7. The USP (Unique Selling Proposition) is based on the assumption that if you can't be better than the competition then being different will usually suffice. It is true that most businesses scrape by in the midst of mediocrity. The bosses of these firms see an industry or profession that looks lucrative and join the ranks in a 'me too, I'd like some of that action', kind of way. If there's enough of a market for what they do then they'll pick up the odd client and eke out an existence without having to think or work very hard on their brand. Most of these companies make up the headline
  8. The psychology of negotiation Potential clients are crying out for the one thing so many businesses fail to provide: They want to be understood! When you approach prospects, ask them: “Do you have any situations in your company that our combined expertise can solve?”. Psychologically, by substituting the word “situations” for problems, you are more likely to get a positive response. Also, by using the term “combined or mutual expertise” you are telling them you respect their valuable knowledge. Remember Stephen Covey’s advice from his ground-breaking book: “The 7 Habits of Highly Suc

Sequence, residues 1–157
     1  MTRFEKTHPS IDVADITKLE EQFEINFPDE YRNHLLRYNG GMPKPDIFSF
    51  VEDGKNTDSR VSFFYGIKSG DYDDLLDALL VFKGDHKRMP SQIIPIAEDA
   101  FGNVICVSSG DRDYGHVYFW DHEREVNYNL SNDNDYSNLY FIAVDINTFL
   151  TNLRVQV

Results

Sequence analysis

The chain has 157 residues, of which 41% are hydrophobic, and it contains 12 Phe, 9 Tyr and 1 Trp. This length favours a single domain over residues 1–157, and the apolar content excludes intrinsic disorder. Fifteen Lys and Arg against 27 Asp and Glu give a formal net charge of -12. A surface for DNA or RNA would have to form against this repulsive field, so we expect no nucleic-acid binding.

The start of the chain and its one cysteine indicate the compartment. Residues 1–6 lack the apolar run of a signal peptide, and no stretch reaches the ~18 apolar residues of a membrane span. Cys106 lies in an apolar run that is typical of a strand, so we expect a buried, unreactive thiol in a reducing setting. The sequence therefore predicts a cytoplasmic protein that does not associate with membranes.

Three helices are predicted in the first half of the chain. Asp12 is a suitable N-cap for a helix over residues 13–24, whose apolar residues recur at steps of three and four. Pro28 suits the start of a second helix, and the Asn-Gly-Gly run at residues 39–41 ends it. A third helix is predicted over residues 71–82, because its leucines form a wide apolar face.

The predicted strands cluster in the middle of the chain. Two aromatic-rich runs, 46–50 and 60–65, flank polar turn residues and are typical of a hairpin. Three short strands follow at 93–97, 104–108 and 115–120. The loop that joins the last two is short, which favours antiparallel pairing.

9. Psychology and Science are formidable and innovative forces taking the business world by storm. And you can benefit enormously from these forgotten secrets, once the preserve of a powerful elite. The psychology of negotiation Potential clients are crying out for the one thing so many businesses fail to provide: They want to be understood! When you approach prospects, ask them: "Do you have any situations in your company that our combined expertise can solve?" Psychologically, by substituting the word "situations" for problems, you are more likely to get a positive response.